Last weekend, a North Carolina man named Edgar Welch drove to Washington, D.C., with the belief that an area pizzeria was the center of a “Hillary Clinton-sponsored child sex ring.” If you think it sounds crazy and fantastical that the former Secretary of State would be involved in such a thing, then you are like most people who have figured out the difference between real and fake news. Unfortunately, Welch read the fake story online, thought the tale was true and then decided to “go superhero” and try to bust-up the ring himself. Armed with an assault rifle, he entered the pizza joint and even fired his weapon. Scary stuff.
Fake news is nothing new. Most of us can quickly tell the difference between bona fide news coverage and information that is blatantly false. We also understand the concept of tabloid journalism and how some publications like the Weekly World News and the National Enquirer offer sensational stories with the hopes of drawing readers who will patronize their advertisers.
In recent years, fake news has gained a toehold on the internet, and most of us either ignore it or view it as annoying or maybe even amusing. Fake news was amplified during the presidential campaign, and some even believe that such stories impacted how people voted and even turned the presidential election.
Quite honestly, I didn’t pay much attention to the clamor about fake news until I read about the gunman in the pizza place. Suddenly, something seemingly fake became potentially fatal. Fake news, you now have my attention.
This situation has many facets. I could drone-on about how we need to be more vigilant in our consumption of news along with providing a diatribe on how traditional journalistic practices have fallen by the wayside in the new information age. However, my biggest fear is that fake news will become more prevalent and more significant. Fake news is poised to make the leap from an obscure aspect of political skullduggery to a mainstream marketing practice.
It’s not hard to imagine. Worried about your competitor down the street? Just publish some fake news about building code issues, health code violations or worse. Tremendous reputational damage – and lost revenue – could be in the offing. The owner of the pizza place, which had nothing to do with any malfeasance by the way, was forced to close its doors for several days. Not a great situation.
How to handle fake news involving your business
If nothing else, this is yet another warning shot and reminder that every business needs to be continually monitoring its online reputation. This can be done by simply checking your search results frequently, or it can be handled in a more elaborate way with monitoring software. Regardless of what you choose, it’s critical that every business have a plan in place to monitor its online results.
If fake information is published about your company, the first step is to make a quick assessment. What does it say? Where was it published? Is it defamatory or damaging? How widespread is it? Can it be taken down at the source? Does it make sense to reach out to law enforcement? Answer these questions quickly, and if you can’t, get help.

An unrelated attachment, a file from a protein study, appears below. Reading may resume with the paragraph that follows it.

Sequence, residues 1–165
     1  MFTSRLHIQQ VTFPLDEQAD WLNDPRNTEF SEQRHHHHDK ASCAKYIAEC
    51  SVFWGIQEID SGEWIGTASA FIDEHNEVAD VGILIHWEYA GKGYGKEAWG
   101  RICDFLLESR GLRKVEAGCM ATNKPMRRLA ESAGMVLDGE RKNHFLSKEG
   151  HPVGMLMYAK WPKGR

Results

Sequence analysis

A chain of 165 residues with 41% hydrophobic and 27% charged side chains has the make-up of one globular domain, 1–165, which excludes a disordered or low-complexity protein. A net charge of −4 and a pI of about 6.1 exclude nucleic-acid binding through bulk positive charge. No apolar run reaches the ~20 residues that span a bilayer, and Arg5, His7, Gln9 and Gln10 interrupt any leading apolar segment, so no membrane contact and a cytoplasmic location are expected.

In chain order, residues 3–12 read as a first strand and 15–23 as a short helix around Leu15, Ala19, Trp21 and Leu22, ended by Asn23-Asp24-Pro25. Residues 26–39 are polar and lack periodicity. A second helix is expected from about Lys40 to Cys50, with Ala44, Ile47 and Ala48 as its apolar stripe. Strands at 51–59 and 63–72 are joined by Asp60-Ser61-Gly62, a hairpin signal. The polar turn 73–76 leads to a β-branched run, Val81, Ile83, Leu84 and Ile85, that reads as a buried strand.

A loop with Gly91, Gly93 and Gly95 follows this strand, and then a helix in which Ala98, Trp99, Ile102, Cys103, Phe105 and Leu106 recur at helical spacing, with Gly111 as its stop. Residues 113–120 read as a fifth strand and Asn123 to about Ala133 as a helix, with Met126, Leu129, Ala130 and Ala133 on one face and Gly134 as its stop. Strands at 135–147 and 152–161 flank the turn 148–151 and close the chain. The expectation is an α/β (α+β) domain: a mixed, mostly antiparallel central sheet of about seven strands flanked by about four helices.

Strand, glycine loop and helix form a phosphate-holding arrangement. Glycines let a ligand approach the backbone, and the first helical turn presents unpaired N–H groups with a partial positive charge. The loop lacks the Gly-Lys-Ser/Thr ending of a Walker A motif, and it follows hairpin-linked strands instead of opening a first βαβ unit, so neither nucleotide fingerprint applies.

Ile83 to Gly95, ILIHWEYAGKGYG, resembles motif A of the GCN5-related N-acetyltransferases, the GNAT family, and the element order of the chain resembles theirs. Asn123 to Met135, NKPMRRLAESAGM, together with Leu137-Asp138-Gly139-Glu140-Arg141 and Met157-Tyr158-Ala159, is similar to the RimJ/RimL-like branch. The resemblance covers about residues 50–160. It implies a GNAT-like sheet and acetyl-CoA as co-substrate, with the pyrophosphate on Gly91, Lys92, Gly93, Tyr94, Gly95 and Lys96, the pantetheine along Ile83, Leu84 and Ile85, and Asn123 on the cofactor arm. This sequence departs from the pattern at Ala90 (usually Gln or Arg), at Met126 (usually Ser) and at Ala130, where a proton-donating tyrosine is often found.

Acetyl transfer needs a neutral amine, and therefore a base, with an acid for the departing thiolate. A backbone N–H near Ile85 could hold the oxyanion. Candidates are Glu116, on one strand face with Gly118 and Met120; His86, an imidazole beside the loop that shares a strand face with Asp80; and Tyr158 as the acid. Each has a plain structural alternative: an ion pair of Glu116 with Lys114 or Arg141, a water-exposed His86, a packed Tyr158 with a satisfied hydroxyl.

Develop your plan
The best choice is to try to get negative information taken down, however, it’s not that simple. Big name websites like Reddit and Facebook are cracking down on fake news as are bona fide news outlets like CNN and the New York Times. If the fake news is so-called sponsored content or native advertising, then you may be able to get it taken down fairly quickly. You also need to look at the severity of the story. If it includes crazy illegal allegations like those that impacted the pizza parlor, then you may want to reach out to law enforcement. You may also want to contact a lawyer, but be aware that reputational damage may be inflicted long before a legal solution can be implemented.
Consider whether to respond or publish a counter story. If the fake news feels like a blip, you may want to ride it out. If it is significant and is impacting your business, then you need to look at your communications options. Everything should be on the table from an explanatory sign in the window to to an e-blast to customers or even a full-blown media campaign. You need to consider all your options even though, in the end, you may choose to let it ride
Exactly how to handle fake news is bit of uncharted territory, but monitoring, a quick assessment and a sensible action plan could save your business from tremendous reputational damage. More information on how to handle negative online content is available in my book How to Protect (Or Destroy) Your Reputation Online.
(I spoke with Fernand Amandi of WIOD Radio about this topic earlier this week. You can listen to the interview here.)